IndonesiaGGCG, LGCGGCG, LGCGGCG, LGC
IranCGCGCCGCGC
KazakhstanGGCG, LGAGGCG, LGA
KuwaitCGCGC/ACGCGC/A
LibyaGGCG, SG, LGCGGCG, SG, LGC
MalaysiaGGCG, SG, LGCGGCGCGGCG, SG, LGC
MexicoPSCG, SS, NFPCCCGCGCPSCG, SS, NFPCC
MoroccoCGCGACGCGA
OmanCGCGCCGCGC
PakistanGGCG, LG, SGCGGCG, LG, SGC
PeruGGCG, SG, LG, SSCGGCG, SG, LG, SSCGGCG, SG, LG, SSC
PhilippinesGGCG, LG, SSCCGCGCGGCG, LG, SSC
PolandGGCG, LG, SSAGGCG, LG, SSAGGCG, LG, SSA
QatarCGCGCCGCGC
RomaniaGGCG, LG, SSCGGCG, LG, SSCGGCG, LG, SSC
RussiaGGCG, SG, SSC/AGGCG, SG, SSC/AGGCG, SG, SSC/A
Saudi ArabiaGGCGCGGCGC
South AfricaGGCG, SG, SSCGGCG, SG, SSCGGCG, SG, SSC
Sri LankaGGCG, SG, LG, SSCGGCG, SG, LG, SSC
Thailand5GGCG, LG, SSAGGCG, LG, SSAPSCG, SS, NFPC, NMPCA
TurkeyGGCG, LG, SSAGGCG, LG, SSAGGCG, LG, SSA
UkraineGGCG, SG, LG, SSCGGCG, SG, LG, SSCGGCG, SG, LG, SSC
United Arab Emirates6GGCG, BCG, SG, SSCGGCG, BCG, SG, SSC
UruguayPSCG, LG, SS, MPC, NFPCAPSCG, LG, SS, MPC, NFPCA
VenezuelaGGCG, LG, SS, NFPCCGGCG, LG, SS, NFPCCGGCG, LG, SS, NFPCC
Note: Coverage: BCG = budgetary central government; CG = central government; EA = extrabudgetary units; FPC = financial public corporations; GG = general government; LG = local governments; MPC = monetary public corporations, including central bank; NFPC = nonfinancial public corporations; NFPS = nonfinancial public sector; NMPC = nonmonetary financial public corporations; PS = public sector; SG = state governments; SS = social security funds. Accounting standard: A = accrual; C = cash.

For most economies, fiscal data follow the IMF’s Government Finance Statistics Manual 2001. The concept of overall fiscal balance refers to net lending (+) / borrowing (–) of the general government. In some cases, however, the overall balance refers to total revenue and grants minus total expenditure and net lending.

Gross debt refers to general government public debt, including publicly guaranteed debt.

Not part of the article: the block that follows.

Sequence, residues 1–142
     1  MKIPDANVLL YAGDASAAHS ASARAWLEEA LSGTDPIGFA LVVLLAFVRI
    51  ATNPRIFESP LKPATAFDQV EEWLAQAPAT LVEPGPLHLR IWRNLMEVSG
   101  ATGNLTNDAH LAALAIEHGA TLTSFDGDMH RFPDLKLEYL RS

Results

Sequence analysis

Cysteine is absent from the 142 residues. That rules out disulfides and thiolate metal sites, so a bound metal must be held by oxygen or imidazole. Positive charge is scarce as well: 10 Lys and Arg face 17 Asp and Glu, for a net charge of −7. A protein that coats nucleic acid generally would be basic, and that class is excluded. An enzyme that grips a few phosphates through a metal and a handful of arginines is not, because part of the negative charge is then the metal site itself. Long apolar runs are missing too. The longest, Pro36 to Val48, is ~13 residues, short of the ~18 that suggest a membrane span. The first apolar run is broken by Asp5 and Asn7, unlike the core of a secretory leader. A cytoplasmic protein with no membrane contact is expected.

Gross debt refers to the nonfinancial public sector, excluding Eletrobras and Petrobras, and includes sovereign debt held on the balance sheet of the central bank.

Revenue is recorded on a cash basis and expenditure on an accrual basis.

Data for Thailand do not include debt of Specialized Financial Institutions (SFIs/NMPC) without government guarantee.

Gross debt covers banking system claims only.

Note: Coverage: BCG = budgetary central government; CG = central government; EA = extrabudgetary units; FPC = financial public corporations; GG = general government; LG = local governments; MPC = monetary public corporations, including central bank; NFPC = nonfinancial public corporations; NFPS = nonfinancial public sector; NMPC = nonmonetary financial public corporations; PS = public sector; SG = state governments; SS = social security funds. Accounting standard: A = accrual; C = cash.

For most economies, fiscal data follow the IMF’s Government Finance Statistics Manual 2001. The concept of overall fiscal balance refers to net lending (+) / borrowing (–) of the general government. In some cases, however, the overall balance refers to total revenue and grants minus total expenditure and net lending.

Gross debt refers to general government public debt, including publicly guaranteed debt.

Gross debt refers to the nonfinancial public sector, excluding Eletrobras and Petrobras, and includes sovereign debt held on the balance sheet of the central bank.

Revenue is recorded on a cash basis and expenditure on an accrual basis.

Data for Thailand do not include debt of Specialized Financial Institutions (SFIs/NMPC) without government guarantee.

Gross debt covers banking system claims only.

Table C.Low-Income Developing Countries: Definition and Coverage of Fiscal Monitor Data
Overall Fiscal Balance1Cyclically Adjusted BalanceGross Debt
CoverageAccounting PracticeCoverageAccounting PracticeCoverageAccounting Practice